Sun: Rest


25 thoughts on “A week in New England…………

  1. Your husband did an awesome job! And I think it’s awesome you got to run in Boston on marathon Monday ๐Ÿ™‚ I hope you get to BQ someday even if you don’t run the race!

  2. Congrats on your husband’s awesome race in Boston! OMG visiting the expo on Sunday is INSANE if you go early. This year, we went back late afternoon (I got my bib and bought my jacket on Saturday afternoon) before the pasta party and it was pretty empty – but a lot of the stuff was sold out. Your husband’s morning sounds a lot like mine – I was out by 5:30 and my friends were spectating at mile 24! Where did you guys stay? My aunt lives in Brookline and is walking distance from Coolidge Corner, which is mile 24! I agree with your friend about the crowds – as I was running, sections of the course that are normally packed with spectators were completely empty. It was weird. Still incredible though. I hope you guys enjoyed the experience and your time in New England! Great race review!!

    • We were staying in Jamaica Plain so it was a little bit of a walk but we were standing at Coolidge Corner – I totally forgot the name of where we were at. I guess the lower crowd turnout made it super easy for us to get right to the front and get some pretty decent views of the race. I think visiting the expo earlier would be the best idea – although I did manage to get a free sample of Sam Adams. And New England was such a great place to visit with surprisingly good weather – except for race day obviously.

    • I read your post and figured that we were pretty close to each other! And the T was a nightmare to get back downtown – we had to try a couple of stops before we could get on a train.

  3. Congrats to J! I’m so impressed with everyone who toughed out the cold and rainy conditions for Boston. Will we be reading all about the rest of your trip? I hope you had a blast!

  4. I’m with ya on big city marathons not being my thing. But, I do think if I ever get into Boston that I will run it because it sounds like such an amazing experience. Other than that, give me a race that starts down the street and I’m happy ๐Ÿ™‚ Also. congrats to your husband!

  5. Jane Likes to Run says:

    I’m with you on not liking large races. The TC marathon was large enough for me. Even though it was raining, it sounds like an awesome experience just to be there and see the race. As someone who will probably never qualify, that’s probably as good as it will get for me!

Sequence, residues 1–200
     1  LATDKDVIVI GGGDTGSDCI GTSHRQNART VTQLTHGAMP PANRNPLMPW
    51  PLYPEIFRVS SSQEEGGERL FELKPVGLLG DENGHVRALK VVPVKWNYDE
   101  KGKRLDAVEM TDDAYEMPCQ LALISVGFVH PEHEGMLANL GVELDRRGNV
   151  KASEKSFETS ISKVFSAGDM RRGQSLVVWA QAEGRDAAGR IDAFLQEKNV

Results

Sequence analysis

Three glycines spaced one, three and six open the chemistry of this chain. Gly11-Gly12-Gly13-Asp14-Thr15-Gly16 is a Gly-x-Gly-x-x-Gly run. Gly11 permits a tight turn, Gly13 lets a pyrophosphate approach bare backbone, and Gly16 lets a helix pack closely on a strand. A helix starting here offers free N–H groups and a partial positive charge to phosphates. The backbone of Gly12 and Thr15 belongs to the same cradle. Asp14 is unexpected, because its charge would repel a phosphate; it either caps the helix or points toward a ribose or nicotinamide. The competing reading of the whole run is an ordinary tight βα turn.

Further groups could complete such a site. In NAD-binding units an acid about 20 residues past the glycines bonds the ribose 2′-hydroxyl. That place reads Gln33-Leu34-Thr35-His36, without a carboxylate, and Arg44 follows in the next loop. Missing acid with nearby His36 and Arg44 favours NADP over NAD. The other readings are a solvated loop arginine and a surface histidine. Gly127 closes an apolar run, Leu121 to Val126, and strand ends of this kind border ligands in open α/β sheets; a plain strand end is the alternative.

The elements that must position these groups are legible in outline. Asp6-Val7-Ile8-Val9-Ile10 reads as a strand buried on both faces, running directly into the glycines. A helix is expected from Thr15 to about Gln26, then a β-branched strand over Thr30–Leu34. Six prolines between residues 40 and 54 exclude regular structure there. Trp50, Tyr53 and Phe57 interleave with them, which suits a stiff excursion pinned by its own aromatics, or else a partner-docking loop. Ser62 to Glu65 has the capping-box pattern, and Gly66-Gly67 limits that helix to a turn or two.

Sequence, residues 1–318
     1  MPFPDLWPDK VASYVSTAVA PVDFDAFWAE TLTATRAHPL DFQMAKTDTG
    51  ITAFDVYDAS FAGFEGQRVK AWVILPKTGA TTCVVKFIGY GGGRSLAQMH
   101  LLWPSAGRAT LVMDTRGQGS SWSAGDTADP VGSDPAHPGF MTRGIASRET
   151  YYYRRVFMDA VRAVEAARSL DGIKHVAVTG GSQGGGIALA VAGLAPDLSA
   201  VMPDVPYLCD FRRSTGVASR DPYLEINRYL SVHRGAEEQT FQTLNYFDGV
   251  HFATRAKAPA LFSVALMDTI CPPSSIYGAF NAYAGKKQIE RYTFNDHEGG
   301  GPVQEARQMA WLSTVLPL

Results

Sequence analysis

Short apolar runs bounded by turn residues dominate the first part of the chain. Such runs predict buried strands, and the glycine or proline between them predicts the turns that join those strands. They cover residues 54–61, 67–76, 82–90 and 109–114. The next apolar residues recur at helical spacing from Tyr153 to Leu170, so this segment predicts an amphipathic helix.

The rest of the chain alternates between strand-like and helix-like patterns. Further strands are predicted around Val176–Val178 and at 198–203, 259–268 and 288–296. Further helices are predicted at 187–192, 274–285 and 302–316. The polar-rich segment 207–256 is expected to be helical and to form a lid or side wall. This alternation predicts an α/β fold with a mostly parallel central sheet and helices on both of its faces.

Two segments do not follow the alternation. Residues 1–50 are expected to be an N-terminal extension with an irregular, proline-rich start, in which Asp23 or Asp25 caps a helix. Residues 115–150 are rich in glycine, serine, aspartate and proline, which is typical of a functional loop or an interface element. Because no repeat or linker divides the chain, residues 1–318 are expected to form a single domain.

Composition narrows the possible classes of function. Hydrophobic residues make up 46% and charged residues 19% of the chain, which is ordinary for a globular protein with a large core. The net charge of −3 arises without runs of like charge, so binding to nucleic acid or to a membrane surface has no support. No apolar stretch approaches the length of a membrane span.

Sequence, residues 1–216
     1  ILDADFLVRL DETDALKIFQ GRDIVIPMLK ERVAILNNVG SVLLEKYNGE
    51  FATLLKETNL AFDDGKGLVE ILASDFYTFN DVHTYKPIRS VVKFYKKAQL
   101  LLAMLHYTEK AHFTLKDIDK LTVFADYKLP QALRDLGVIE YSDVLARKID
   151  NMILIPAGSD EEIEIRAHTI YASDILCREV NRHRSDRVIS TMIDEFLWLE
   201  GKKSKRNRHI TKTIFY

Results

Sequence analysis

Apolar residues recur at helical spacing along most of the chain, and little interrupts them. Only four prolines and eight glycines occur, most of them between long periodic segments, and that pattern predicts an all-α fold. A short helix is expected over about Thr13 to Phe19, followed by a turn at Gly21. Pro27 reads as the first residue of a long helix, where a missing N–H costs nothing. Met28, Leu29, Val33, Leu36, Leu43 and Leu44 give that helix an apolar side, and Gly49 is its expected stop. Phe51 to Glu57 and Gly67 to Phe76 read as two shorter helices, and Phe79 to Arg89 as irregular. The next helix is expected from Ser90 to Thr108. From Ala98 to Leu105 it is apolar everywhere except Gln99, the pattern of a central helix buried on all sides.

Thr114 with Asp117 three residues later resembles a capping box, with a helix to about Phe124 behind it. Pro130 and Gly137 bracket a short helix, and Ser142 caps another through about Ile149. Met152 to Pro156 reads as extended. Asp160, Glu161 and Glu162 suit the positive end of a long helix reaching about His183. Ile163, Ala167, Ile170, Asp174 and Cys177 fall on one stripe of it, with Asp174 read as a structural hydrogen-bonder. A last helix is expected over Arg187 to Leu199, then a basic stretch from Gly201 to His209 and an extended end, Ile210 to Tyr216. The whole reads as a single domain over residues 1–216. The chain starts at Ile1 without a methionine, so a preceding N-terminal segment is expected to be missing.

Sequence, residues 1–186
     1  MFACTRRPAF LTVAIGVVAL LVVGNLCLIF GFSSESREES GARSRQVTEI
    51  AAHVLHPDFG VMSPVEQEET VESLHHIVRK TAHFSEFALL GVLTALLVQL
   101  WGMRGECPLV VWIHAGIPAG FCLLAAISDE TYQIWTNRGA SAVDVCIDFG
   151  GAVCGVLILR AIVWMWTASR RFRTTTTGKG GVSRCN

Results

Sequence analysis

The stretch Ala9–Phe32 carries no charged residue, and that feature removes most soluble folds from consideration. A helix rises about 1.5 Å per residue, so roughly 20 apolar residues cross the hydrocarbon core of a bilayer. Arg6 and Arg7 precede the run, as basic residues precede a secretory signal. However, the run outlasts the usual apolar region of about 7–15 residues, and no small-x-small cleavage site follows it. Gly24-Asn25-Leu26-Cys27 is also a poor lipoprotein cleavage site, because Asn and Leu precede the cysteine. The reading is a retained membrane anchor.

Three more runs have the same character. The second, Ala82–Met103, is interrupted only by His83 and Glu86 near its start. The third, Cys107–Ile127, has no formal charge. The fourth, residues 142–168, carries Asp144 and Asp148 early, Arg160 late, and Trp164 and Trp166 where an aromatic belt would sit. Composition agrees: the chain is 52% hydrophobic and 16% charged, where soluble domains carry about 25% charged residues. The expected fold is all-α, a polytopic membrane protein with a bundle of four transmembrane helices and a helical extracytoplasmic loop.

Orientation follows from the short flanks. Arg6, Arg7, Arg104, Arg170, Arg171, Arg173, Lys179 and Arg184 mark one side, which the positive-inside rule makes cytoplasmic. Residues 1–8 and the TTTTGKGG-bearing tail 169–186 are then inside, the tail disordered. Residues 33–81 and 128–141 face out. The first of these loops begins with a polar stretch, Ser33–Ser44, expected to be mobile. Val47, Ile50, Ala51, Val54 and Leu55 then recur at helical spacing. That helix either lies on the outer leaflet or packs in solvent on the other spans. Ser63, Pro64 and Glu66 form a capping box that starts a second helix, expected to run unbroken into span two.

6. Jessica @ VEGGIE RUNNING MOMMA says:

    big city marathons aren’t really my thing either. but what an amazing experience it must be to watch Boston live.! that is so awesome. the elite’s must be even faster than on tv.
    I love how your runs were all in different places. what a cool week.!!

    • I was psyched to visit three states in one trip. You know that out west that is pretty hard to do (so much space!). Also I am a little obsessed with running by water. Those elites go so fast and make it look effortless – so inpsiring.

  7. charissarunning says:

    I’ve never had the chance to see those amazing elites run in person! That must be quite the experience ๐Ÿ˜€ Congrats to your husband! It sounds like it was such a hard day – especially after runners were done. Thank god for amazing volunteers and medics!
    I’m glad you had a great week!! Are you officially in taper now or do you have one more long run ahead of you?

    • It was really cool. I actually accidentally spectated at the London marathon a couple of years ago. We were on vacation and visiting the Tower of London just as the elite men were running past. Those guys move so fast. Most of the runners last week looked pretty miserable – I think a lot of people were a little underdressed for the weather. Taper has kind of started. I’m planning on 16 this weekend, 10 the weekend after and then it’s race day. 16 days to go….

    • It was a great experience to witness it in person! He was so happy that the building let them all in – it was so cold. Every runner I saw was shivering like crazy and they had no heated tents to warm them up. I ran my first half marathon in the rain and nearly got hypothermia at the end waiting around in the cold for warm clothes. Not fun.